Student Loan Relief: Here’s Everyone Who Qualifies After White House Announces Further $1.5 Billion In Forgiveness

Finance

Topline

The White House forgave $1.5 billion in student loan debt for attendees of the now-closed Westwood College on Tuesday, bringing the total relief under the Biden Administration to a whopping $34 billion even before President Joe Biden’s sweeping loan forgiveness plan unveiled last week goes into effect.

Key Facts

The measure forgives all debt for the 79,000 Westwood students who enrolled at the school online or at its Westminster, Colorado, campus between 2002 and 2015, and took out federal loans, the Education Department announced Tuesday.

A for-profit school that closed in 2016, Westwood “engaged in widespread misrepresentations about the value of its credentials” to its students, the Education Department said.

The announcement follows similar relief programs earlier this year: The White House canceled $5.8 billion in debt for Corinthian College students in June and $3.9 billion for ITT Technical Institute attendees earlier this month.

Following policy changes last year, the Biden Administration has also forgiven more than $10 billion in student loan debt for 175,000 public service workers and $9 billion for 425,000 borrowers with total and permanent disabilities.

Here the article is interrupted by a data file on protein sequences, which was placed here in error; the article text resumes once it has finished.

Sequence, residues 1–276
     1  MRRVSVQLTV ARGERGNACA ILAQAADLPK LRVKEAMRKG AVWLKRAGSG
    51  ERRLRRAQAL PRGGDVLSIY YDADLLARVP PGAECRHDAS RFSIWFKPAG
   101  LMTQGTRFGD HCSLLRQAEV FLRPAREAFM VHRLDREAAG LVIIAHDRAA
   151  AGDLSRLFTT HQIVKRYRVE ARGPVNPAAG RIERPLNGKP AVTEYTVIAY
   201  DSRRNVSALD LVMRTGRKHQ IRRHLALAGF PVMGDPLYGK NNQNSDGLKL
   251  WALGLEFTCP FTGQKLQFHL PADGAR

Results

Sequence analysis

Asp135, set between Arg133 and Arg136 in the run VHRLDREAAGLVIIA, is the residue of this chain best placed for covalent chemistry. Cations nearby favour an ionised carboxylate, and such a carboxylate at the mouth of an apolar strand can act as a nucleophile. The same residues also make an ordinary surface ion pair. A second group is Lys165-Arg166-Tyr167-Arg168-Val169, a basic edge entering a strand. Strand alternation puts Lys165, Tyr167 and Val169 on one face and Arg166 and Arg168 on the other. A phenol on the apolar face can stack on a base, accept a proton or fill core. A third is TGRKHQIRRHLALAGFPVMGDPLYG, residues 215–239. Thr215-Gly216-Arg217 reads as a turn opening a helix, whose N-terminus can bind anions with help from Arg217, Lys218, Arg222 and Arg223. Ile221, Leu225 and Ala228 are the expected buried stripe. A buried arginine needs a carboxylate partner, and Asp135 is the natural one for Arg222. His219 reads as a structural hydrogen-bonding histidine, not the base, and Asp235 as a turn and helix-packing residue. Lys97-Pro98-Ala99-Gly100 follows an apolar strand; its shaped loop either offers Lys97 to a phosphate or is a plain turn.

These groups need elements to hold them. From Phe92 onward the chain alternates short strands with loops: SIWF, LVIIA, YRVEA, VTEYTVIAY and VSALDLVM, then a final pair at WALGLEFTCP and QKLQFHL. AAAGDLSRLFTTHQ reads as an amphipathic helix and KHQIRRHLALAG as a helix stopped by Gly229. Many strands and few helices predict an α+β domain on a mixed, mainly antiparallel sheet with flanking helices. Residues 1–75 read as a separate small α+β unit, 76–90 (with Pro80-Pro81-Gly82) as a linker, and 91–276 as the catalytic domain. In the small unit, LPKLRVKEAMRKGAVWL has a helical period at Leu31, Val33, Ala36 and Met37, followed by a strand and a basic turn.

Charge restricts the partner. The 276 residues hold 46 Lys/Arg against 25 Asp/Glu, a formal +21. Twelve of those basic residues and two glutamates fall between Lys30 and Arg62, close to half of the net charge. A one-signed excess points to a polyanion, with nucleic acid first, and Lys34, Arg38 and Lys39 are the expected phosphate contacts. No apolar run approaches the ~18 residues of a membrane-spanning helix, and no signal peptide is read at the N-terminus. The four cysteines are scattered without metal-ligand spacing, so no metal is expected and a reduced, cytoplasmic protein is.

The targeted relief efforts coincides with Biden’s highly anticipated announcement last Wednesday forgiving up to $10,000 in student loan debt for all borrowers who make less than $125,000 annually (or $250,000 household income) and up to $20,000 for borrowers who qualified for federal Pell grants for low-income first-time college students who also fall under the income threshold.

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Crucial Quote

“Like Corinthian & ITT, Westwood College exploited students & abused federal financial aid,” Education Secretary Miguel Cardona tweeted. “Borrowers shouldn’t get stuck with that bill.”

Key Background

The federal government had already forgiven debt for more than 4,400 Westwood attendees after the school misled students about job prospects and the transferability of credits, and the Education Department noted the blanket discharge was an efficient way to streamline a high volume of applications for relief. Biden’s blanket relief plan could wipe out the remaining debt balances of the 53% of all borrowers who hold less than $20,000 in debt. It’s unclear exactly how much total student debt relief the expansive forgiveness will provide given the eligibility requirements, though estimates expect it will be more than $300 billion, a large chunk of the $1.62 trillion in federal student loan debt held by Americans.

Further Reading

Biden’s Student Loan Forgiveness Plan: Up To $20,000 In Relief, $125K Income Cap—Here Are All The Other Details (Forbes)

Biden’s Student Loan Forgiveness Plan: Here’s Who Benefits Most—And Least (Forbes)

Big New Details On Biden’s Student Loan Forgiveness Plan, Including When To Expect Relief (Forbes)

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